By understanding the status of their suppliers in China and supporting their efforts to ensure legality, businesses importing timber and wood products from China will be able to sustainably procure legally certified timber, the study found.

Viet Nam

The project’s findings related to Viet Nam were presented by IGES Research Manager Mr Fujisaki Taiji.

Viet Nam has made substantial efforts to establish legal frameworks to exclude illegal timber from all supply chains. This includes a 2020 decree (Decree 102) that introduced criteria for risk identification and due diligence requirements for Vietnamese importers.

Taking exports to Japan as a case study, the project used customs data, key respondent interviews and a survey of Vietnamese timber importers to identify high-risk species in exported products and generate recommendations for importers.

Key findings include that products made from high-risk timber and exported to Japan have, in recent years, been small in value and trending lower, accounting for just 0.2% of total value in 2020. The number of high-risk species has also fallen.

Also, with Decree 102 enacted only two years before, the researchers found that due diligence by Vietnamese importers and the necessary exchange of information along the supply chain have not yet been fully implemented.

Recommendations for importers, deemed applicable to all countries sourcing wood products from Viet Nam, include among others:

  • Identify whether timber is imported (domestically produced timber in Viet Nam is considered low risk) and become familiar with the high-risk species listed in Decree 102.
  • Ask suppliers for a copy of the declaration-of-origin form (Form 3) required under Decree 102 when high-risk species are imported into Viet Nam. The form can be regarded as proof of due diligence for subsequently exported wood products.

Due diligence is also complicated by the complex and layered nature of wood product supply chains in the country. The ITTO project looked closely at Viet Nam’s important smallholder acacia plantation sector.

Key findings included that forestry cooperatives in Viet Nam can help ensure and verify the legality of timber production by smallholders and contribute to sustainable forest management. The study also found that processing companies can take measures to improve legality verification, including strengthening linkages with producers, checking supply chain documents and engaging in forest management.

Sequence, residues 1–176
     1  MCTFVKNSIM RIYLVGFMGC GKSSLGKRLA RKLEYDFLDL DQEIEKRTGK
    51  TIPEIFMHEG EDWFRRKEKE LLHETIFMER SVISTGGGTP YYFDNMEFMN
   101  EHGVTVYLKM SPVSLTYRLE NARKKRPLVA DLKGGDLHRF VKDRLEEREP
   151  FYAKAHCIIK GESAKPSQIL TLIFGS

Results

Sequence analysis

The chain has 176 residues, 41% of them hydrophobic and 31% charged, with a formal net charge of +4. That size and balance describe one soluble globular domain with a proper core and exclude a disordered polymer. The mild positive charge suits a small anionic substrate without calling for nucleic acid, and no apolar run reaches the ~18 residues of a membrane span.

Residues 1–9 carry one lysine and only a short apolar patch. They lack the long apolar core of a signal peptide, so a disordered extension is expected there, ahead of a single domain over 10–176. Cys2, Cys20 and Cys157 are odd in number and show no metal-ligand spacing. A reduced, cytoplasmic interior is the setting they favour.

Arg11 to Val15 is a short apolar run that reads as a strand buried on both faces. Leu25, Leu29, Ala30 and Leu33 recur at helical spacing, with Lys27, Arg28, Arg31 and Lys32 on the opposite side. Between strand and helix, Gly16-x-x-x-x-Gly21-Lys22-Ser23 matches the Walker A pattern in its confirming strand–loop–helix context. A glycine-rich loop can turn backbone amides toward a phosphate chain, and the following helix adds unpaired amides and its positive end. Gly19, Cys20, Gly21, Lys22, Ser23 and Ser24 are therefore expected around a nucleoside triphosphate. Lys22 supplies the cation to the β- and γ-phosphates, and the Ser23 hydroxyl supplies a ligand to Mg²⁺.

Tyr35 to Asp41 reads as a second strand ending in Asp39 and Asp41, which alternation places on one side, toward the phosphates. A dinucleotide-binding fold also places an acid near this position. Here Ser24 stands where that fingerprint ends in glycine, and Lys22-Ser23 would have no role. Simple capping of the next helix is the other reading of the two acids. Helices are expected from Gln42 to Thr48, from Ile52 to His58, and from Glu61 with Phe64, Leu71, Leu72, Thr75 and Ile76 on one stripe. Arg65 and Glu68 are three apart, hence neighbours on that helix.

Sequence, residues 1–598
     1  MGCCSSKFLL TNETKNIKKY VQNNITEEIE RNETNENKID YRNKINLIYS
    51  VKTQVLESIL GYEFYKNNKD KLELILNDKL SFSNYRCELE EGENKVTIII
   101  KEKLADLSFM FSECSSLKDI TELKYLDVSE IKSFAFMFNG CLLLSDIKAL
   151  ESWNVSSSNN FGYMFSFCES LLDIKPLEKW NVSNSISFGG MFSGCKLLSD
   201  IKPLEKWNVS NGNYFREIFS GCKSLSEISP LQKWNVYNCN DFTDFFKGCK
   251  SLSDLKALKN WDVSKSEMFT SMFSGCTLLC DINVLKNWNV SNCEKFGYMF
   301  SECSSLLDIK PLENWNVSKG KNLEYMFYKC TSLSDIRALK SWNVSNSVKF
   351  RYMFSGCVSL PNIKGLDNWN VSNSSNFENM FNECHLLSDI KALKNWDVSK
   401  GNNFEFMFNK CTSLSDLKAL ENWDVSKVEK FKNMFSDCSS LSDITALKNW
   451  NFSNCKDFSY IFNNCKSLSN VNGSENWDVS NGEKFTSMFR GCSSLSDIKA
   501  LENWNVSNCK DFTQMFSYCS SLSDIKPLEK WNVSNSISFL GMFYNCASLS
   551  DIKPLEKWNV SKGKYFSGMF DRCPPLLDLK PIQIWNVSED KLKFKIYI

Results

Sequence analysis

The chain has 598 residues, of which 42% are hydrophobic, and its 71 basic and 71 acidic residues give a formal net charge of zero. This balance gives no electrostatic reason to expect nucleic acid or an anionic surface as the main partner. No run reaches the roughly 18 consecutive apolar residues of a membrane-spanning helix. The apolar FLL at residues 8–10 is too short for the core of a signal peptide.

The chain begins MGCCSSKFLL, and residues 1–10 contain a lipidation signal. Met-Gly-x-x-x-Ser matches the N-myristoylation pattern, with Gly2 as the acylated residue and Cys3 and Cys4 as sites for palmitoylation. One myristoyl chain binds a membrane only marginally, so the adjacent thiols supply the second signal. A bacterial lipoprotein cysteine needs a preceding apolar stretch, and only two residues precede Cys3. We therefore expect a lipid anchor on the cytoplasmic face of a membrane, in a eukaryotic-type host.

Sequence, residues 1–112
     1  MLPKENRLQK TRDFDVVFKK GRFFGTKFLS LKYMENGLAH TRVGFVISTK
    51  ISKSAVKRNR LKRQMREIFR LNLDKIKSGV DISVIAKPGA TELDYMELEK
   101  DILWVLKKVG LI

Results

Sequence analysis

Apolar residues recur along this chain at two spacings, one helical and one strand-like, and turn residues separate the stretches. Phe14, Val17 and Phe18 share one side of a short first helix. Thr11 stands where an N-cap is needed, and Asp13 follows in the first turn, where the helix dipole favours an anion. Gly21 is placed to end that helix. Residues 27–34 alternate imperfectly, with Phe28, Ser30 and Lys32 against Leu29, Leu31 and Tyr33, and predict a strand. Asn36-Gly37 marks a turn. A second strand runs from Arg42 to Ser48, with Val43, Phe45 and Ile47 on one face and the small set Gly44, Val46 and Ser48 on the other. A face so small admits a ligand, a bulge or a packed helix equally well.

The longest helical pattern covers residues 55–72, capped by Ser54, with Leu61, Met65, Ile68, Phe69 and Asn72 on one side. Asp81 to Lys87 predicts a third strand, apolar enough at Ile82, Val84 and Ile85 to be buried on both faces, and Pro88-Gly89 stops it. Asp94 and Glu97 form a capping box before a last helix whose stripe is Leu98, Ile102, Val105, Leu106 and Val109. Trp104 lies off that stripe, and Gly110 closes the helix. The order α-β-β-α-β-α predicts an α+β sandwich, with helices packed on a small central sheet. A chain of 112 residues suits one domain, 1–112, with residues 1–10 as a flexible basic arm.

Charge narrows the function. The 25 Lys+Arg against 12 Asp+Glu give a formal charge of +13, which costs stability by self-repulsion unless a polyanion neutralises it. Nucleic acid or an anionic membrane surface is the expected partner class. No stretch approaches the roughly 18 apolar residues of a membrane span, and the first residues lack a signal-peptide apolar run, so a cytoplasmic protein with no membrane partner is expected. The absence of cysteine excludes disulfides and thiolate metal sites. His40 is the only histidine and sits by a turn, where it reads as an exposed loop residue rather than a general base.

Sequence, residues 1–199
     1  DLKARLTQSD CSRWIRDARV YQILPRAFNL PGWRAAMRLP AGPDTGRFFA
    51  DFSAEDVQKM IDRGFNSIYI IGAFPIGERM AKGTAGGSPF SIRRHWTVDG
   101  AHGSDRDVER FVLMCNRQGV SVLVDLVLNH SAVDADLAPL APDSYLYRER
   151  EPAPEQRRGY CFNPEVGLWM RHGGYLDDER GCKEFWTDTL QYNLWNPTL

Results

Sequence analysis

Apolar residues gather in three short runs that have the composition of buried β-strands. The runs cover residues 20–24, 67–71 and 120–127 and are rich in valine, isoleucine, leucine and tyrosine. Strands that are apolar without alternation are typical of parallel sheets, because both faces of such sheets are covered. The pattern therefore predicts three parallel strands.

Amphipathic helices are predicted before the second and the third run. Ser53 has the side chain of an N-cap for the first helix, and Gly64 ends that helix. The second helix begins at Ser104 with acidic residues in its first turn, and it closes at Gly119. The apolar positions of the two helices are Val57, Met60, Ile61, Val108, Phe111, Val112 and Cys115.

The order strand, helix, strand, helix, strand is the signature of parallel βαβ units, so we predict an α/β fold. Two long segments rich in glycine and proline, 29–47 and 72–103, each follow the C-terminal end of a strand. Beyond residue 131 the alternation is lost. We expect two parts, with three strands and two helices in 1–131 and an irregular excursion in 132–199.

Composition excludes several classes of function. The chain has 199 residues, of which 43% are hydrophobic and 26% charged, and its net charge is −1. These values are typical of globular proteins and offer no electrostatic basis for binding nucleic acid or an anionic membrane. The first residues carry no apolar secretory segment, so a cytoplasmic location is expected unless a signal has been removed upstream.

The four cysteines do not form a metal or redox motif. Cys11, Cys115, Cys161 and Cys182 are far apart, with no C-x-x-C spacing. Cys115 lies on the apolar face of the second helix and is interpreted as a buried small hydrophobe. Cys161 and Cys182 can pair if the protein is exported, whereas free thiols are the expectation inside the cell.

The study suggested that importers consider the above points when seeking to understand their supply chains in Viet Nam, and that they should work with their suppliers to establish, maintain, and improve supply chains.

Timber growers and forest cooperatives stressed that sustainable forest management needs stable timber demand and consumption, and that it is therefore essential for exporters to build trusted relationships with business partners of importing countries.

Summaries of country reports are available for download. Full reports will be available on ITTO’s website from mid-2023.

Disclaimer: Summaries are unedited as submitted by the Executing Agency as part of the project. The contents of and views expressed are those of the authors and do not necessarily reflect the views of ITTO or its members. The designations employed in such materials do not imply the expression of any opinion whatsoever by ITTO concerning the legal status of any country, territory, city or area or its authorities or concerning the delimitation of its frontiers and boundaries.

Related SDGs

The project is increasing the understanding of timber legality assurance systems and due diligence among timber industries and traders, which in turn will support responsible production and consumption of wood products.

Sustainably produced wood is a renewable substitute for many carbon-intensive materials. Sustainably managed tropical forests, and their associated supply chains, therefore, assist in combatting climate change.